Beyond Nature Appropriation: Towards Post-Development Conservation in the Maya Forest

Beyond Nature Appropriation: Towards Post-Development Conservation in the Maya Forest

Author(s): J.E. Martinez-Reyes

Publication Date: 2014


Key points in document

  • The paper assesses the successes and failures of two main alternative livelihood projects in a Maya community adjacent to the Sian Ka’an Biosphere Reserve, Mexico: one with the parrot trade, another with butterfly handicrafts.
  • While few triumphs came from either livelihood project, the butterfly project successfully involved and empowered women through the handicraft enterprise.
  • The paper offers two reasons for the overall project failure: “(1) a lack of coherence between the objectives of state agencies, conservation NGOs, and the local community; and (2) unequal ethnic relations, reproducing relations of colonial inequality and dictating how indigenous groups can participate in managing a territory for conservation.”
  • Attitudes towards conservation NGOs and the government in relation to conservation projects were negative due to the lack of sustainable benefits produced by the projects. Community members were displeased with the work they contributed to projects just to see them ultimately fail when funding ceased or projects did not eventually meet local needs.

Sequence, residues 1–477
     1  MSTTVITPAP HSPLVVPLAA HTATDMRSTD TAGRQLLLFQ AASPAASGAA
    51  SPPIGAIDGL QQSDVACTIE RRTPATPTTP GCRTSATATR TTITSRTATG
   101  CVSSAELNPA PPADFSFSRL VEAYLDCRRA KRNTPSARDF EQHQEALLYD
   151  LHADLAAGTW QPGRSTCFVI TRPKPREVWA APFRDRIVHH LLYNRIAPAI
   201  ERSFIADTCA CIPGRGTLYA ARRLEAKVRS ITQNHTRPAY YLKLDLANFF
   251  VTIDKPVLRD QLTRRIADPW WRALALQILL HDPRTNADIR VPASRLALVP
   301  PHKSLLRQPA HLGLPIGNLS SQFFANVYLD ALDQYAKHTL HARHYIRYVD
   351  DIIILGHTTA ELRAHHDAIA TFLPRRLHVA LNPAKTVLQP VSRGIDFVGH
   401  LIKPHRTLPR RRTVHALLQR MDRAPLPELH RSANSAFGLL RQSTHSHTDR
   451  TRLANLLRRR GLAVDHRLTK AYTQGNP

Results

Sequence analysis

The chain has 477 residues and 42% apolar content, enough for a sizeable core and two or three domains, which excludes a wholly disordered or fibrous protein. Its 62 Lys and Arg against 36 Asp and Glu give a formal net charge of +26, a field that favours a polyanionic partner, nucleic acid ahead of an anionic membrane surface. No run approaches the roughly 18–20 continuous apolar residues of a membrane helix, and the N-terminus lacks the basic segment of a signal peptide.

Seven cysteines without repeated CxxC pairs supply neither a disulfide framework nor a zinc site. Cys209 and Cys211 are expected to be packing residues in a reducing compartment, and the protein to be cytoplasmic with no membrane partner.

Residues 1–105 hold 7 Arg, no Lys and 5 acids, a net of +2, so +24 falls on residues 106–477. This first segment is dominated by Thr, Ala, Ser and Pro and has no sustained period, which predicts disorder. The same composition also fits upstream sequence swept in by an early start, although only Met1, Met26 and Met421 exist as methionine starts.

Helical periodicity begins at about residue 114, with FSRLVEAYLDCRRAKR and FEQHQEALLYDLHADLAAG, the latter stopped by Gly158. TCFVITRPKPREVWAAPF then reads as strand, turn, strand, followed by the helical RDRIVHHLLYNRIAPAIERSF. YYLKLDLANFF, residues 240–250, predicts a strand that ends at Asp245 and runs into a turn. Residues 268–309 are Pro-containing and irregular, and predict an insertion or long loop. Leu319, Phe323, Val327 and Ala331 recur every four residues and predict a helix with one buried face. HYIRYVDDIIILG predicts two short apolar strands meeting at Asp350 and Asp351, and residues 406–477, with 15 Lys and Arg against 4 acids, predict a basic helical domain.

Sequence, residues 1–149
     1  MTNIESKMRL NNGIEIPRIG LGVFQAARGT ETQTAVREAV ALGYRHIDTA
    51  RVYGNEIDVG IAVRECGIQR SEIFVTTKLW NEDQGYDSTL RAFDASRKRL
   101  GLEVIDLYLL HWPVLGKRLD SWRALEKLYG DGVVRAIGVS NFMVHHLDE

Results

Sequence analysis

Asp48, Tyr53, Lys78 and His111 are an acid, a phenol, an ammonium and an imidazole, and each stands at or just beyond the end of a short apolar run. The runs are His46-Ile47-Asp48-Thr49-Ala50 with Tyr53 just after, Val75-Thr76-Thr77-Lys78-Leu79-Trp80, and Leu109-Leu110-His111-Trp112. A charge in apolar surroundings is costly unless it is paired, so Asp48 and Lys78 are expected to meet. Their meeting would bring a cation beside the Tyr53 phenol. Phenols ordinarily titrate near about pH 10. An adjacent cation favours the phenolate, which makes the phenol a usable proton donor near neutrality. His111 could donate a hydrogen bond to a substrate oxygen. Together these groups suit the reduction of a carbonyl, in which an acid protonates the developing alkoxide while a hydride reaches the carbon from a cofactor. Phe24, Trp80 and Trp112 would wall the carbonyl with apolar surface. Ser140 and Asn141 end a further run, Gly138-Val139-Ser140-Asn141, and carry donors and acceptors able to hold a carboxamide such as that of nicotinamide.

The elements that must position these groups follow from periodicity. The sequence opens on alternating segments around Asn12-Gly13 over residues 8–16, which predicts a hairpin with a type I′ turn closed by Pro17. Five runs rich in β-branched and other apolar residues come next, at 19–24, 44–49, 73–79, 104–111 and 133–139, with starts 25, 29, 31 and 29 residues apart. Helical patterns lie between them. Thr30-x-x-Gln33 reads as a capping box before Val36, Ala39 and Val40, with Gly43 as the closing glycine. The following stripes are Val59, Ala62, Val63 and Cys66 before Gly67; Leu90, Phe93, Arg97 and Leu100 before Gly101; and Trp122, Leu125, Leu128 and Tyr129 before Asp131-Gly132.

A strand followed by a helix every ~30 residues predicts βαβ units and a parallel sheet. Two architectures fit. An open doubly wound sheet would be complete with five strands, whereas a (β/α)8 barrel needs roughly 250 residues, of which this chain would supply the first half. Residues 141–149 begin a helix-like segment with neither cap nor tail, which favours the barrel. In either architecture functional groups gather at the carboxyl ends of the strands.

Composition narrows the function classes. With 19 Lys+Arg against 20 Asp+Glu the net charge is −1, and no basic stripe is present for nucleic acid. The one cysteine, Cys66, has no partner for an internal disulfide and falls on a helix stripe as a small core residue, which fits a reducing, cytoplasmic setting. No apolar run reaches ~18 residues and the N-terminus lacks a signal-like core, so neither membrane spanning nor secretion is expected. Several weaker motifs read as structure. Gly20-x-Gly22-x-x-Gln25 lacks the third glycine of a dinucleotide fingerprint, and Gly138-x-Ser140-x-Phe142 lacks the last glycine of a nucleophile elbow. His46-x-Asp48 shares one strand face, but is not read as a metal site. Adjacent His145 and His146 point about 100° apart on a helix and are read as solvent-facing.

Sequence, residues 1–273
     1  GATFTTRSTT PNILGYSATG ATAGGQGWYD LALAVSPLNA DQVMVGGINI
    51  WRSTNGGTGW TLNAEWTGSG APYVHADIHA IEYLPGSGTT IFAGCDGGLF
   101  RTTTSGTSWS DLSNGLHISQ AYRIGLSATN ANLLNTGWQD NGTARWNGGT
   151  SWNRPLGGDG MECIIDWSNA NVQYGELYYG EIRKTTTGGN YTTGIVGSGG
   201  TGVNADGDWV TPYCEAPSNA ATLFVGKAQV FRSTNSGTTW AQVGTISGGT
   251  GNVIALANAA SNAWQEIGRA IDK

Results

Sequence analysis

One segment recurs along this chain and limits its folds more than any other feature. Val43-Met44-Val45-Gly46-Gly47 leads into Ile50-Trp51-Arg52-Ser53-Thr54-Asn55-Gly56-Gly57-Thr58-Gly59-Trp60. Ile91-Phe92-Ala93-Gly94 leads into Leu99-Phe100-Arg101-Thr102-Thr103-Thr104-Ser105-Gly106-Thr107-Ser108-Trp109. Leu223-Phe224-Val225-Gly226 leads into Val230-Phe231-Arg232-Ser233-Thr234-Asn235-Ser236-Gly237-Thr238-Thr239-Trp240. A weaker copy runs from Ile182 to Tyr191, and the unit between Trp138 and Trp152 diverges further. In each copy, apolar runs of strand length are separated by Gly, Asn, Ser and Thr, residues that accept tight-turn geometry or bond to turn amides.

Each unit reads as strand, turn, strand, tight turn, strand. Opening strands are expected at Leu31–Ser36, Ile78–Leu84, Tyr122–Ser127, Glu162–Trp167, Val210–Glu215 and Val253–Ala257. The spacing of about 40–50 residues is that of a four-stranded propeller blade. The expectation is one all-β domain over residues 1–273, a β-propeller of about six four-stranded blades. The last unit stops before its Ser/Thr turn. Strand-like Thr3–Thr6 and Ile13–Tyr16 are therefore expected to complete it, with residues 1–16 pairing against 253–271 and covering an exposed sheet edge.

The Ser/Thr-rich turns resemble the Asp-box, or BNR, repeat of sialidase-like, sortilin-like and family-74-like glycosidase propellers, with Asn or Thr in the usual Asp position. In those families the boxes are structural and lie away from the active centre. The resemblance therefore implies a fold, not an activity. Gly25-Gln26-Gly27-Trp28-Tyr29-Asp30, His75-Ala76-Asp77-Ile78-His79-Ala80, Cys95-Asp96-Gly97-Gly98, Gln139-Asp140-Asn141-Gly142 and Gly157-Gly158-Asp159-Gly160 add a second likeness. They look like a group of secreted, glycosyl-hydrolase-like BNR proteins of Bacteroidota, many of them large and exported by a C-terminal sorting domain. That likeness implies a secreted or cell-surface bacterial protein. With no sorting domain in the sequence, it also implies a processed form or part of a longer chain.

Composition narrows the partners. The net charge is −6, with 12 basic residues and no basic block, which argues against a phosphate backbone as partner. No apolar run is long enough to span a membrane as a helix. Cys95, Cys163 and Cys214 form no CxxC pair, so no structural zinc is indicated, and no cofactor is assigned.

Information relevant to Learning Questions:

Are enabling conditions in place to support a sustainable enterprise?

  • Participants’ Livelihood Needs are Met: stakeholder alignment
  • Market demand, profit potential, access to credit/capital
  • Ownership, governance
  • Government requirements, policies for enterprises, business alliances
  • Technical capacity
  • Benefit sharing, targeted participants, biodiversity linkage, policies for and enforcement of resource use

Does the enterprise lead to benefits to stakeholders?

  • Not addressed

Do the benefits lead to positive changes in attitudes and behavior?

  • Attitudes regarding sustainable use of resources

Does a change in stakeholders’ behaviors lead to a reduction to threats to biodiversity (or restoration)?

  • Agriculture and aquaculture
  • Biological resource use

Does a reduction in threats (or restoration) lead to conservation?

  • Forest ecosystems
  • Species
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